Depending on which chickens are being produced, broilers or broiler breeders, up to 70 % of the cost can be allocated to feed. With feed costs continuing to rise, minimizing feed waste is more important than ever. However, feed wastage isn’t just a cost issue.
>> Feed waste can be a biosecurity issue as feed spills can attract wild birds, rodents, beetles (Alphitobius) and other vermin that can carry pathogens onto the farm. Moreover, the environmental footprint is enlarged when resources, including water, energy, and land, used to produce feed ingredients and feed are wasted.
At the feed mill
Beginning at the feed mill, correct processing, preventing contamination, and accurate formulation can help reduce feed losses (Photo 1).
>> For example, incorrect processing can lead to pellets that are too hard, in which case birds may reduce or even refuse to consume the feed. Similarly, milling feeds to the correct particle size and uniformity is also important because birds may select larger particles and leave fines.
Contaminated feed can occur during the milling process in places such as the mixer (carry-over) and post-processing (dust contamination).
Consider potential spillage points as spillage is a direct loss. Accurate weighing is also important, because when feed ingredients are not weighed correctly, feed formulation won’t be correct.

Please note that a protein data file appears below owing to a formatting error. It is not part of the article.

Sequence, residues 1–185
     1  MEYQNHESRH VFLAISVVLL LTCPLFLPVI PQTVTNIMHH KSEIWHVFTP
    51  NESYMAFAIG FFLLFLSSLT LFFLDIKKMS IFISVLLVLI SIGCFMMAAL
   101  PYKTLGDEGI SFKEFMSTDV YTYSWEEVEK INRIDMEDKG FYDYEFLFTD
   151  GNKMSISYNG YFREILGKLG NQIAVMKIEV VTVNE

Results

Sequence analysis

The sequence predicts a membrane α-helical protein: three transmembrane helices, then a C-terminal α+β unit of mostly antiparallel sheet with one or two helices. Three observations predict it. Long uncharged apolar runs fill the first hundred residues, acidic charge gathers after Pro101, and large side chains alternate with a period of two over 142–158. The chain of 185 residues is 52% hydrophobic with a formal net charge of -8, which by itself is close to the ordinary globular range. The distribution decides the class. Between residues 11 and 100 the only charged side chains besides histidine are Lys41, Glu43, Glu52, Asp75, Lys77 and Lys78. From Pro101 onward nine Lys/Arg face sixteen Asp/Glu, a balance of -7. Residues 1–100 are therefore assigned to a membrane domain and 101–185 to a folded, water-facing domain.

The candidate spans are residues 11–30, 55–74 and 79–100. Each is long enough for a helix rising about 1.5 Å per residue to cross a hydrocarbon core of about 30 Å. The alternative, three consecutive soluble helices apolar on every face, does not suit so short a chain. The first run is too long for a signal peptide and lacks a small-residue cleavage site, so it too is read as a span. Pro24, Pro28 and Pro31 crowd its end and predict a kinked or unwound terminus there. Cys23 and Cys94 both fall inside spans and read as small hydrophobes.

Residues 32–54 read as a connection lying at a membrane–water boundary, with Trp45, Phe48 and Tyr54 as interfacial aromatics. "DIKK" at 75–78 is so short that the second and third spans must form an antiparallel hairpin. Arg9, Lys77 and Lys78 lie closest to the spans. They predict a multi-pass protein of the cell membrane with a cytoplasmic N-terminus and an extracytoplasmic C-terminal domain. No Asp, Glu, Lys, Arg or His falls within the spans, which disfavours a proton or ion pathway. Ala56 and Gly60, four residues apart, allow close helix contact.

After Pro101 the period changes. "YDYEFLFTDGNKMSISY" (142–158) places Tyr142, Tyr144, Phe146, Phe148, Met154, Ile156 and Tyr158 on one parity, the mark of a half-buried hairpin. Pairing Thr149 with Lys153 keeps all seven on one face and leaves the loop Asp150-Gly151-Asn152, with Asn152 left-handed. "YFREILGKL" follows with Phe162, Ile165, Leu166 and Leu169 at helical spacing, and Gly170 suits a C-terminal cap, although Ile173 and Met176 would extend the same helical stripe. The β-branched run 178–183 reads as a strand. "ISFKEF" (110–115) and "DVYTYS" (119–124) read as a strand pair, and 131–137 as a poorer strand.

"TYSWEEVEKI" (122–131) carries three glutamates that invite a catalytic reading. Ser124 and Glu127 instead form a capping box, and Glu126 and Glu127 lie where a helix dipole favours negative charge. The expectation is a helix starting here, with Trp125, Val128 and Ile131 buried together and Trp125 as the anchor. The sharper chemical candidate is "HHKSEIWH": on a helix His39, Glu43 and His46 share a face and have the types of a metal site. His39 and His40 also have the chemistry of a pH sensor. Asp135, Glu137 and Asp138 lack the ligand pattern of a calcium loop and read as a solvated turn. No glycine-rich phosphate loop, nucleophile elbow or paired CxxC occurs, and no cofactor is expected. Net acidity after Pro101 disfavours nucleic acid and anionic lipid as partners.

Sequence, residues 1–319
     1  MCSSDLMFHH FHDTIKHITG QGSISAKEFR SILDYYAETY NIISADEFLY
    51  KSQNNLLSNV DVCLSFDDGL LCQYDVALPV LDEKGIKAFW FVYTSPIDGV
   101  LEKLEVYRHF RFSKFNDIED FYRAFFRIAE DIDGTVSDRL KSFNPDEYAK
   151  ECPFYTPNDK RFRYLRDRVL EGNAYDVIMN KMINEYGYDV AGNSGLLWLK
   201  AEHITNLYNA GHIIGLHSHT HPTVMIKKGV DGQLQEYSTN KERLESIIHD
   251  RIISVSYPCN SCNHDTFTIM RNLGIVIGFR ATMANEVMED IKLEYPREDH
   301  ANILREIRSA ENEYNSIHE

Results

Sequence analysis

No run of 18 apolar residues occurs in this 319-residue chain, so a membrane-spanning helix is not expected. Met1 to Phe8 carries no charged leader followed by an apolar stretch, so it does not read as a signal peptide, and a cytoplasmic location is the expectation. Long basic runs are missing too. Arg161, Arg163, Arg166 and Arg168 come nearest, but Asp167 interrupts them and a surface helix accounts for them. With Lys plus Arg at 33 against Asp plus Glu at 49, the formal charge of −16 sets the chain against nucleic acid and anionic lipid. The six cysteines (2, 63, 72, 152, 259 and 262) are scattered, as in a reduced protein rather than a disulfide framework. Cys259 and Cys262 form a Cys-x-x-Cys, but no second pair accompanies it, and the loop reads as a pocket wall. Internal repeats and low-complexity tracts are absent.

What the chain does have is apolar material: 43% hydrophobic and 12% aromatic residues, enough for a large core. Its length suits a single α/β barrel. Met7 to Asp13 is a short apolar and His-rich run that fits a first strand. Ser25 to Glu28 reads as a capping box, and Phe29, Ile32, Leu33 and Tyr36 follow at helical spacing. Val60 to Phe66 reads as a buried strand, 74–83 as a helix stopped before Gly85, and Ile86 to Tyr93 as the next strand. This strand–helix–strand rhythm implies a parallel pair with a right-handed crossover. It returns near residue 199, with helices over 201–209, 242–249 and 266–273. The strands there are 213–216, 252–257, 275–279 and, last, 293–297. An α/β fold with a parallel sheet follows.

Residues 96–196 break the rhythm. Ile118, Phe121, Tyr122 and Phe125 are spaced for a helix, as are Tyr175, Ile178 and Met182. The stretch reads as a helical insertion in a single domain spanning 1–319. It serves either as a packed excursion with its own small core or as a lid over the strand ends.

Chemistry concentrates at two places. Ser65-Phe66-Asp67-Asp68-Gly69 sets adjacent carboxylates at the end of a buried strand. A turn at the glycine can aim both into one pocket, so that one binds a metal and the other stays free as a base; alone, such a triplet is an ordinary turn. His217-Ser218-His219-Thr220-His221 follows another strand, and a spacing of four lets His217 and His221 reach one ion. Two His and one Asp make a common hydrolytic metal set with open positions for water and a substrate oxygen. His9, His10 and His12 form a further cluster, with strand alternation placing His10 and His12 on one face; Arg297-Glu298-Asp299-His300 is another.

Good quality raw ingredients should always be used to produce feed. Poor quality ingredients, such as corn contaminated with mycotoxins will not only decrease the palatability, but also cause health issues. Rancid fats decrease feed palatability, reduce feed intake and absorption, and induce poor uniformity. This is especially important in young chicks (1st week) as a good start in rearing is important for attaining good performance metrics.
Feed transport, delivery, and storage
To prevent contamination during transport, it’s important to ensure clean trucks are used. Carry-over from previous loads can contaminate feeds with additives such as coccidostats. Trucks should also be completely dry before filling to protect feeds from moisture which can lead to mold growth.
>>With mash feed, there is a possibility of particle segregation during transport, silo filing, and feed distribution in the house.
Particle segregation is an issue because birds may selectively eat large particles and leave fines leading to feed waste and possible nutritional intake deficiencies.
This segregation occurs when there is a big difference in particle size, shape, or density and the feed is shaken (Figure 1).
Additionally, coarser feeds are
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